David Graham, World Sailing CEO, said, "We are very pleased to move into our new headquarters. The new surroundings have been renovated to suit our purpose and will allow us to work together again and implement an efficient blend of remote and hybrid working. We will continue to offer that model for staff as we have seen, like businesses around the world, that it is successful and beneficial to our operations."

He added, "The savings we will make following this move can be invested back into the sport for the benefit of sailors worldwide. This is an opportunity to reform the sport, build for the future and achieve our strategic objectives as an organisation without the financial burdens of the past."

World Sailing is made up of 146 Member National Authorities, the national governing bodies for sailing around the world and 119 World Sailing Class Associations.

Published in World Sailing
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The world governing body for the sport of sailing has confirmed there are no organised regattas planned to be held in Russia or Belarus in 2022.

In a statement, World Sailing says it is "very concerned about the situation in Ukraine" and it is "troubled about the safety of our friends in the Ukrainian sailing community".

"Sport can be a force for good, bringing competitors from around the world together, united by the values of equality, inclusion, respect and fairness", the world body says.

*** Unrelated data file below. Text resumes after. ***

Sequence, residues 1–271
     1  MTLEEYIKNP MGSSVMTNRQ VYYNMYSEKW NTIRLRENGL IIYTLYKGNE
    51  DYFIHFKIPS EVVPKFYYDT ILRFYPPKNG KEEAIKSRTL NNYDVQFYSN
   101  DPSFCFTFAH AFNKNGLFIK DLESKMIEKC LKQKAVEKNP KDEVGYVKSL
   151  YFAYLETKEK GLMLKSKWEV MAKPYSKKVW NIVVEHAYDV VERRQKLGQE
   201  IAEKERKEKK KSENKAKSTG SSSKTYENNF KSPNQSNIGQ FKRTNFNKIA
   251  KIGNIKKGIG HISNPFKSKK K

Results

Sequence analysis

World Sailing has joined many international sports organisations calling for an immediate end to all hostilities and a resumption of dialogue for a peaceful resolution in place of military action.

The Executive Board of World Sailing is supporting the relocation of training and education events in Russia.

The statement concludes "We remain in contact with all our Member National Authorities to offer our support at this incredibly difficult time".

Published in World Sailing
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A World Sailing re-think is under consideration to exempt Category 3 offshore races from the new requirement for documented structural inspection.

Changes to the World Sailing Offshore Special Regulations (OSR) came into effect on January 1 2022, and mean an additional requirement for yachts taking part in races of Category 0 to Category 3 but now the new rule is itself set to be changed.

According to Afloat sources, the Special Regulations Subcommittee has heard 'significant concern' from several Member National Authorities regarding the application of the new OSR 3.02.2 keel inspections as being overly onerous for Category 3 racers.

The subcommittee has considered these concerns, deemed them valid, and voted to modify the new requirement for Category 3 racers only.

Offshore Racing is broadly divided into three groups, inshore (Category 3), coastal (Category 2), and offshore (Category 1). 

In an Irish context, ISORAs, D2D and Kinsale's new Inistearaght Race would be exempted if the rule is changed but the situation would remain for June's Category 2 Round Ireland Race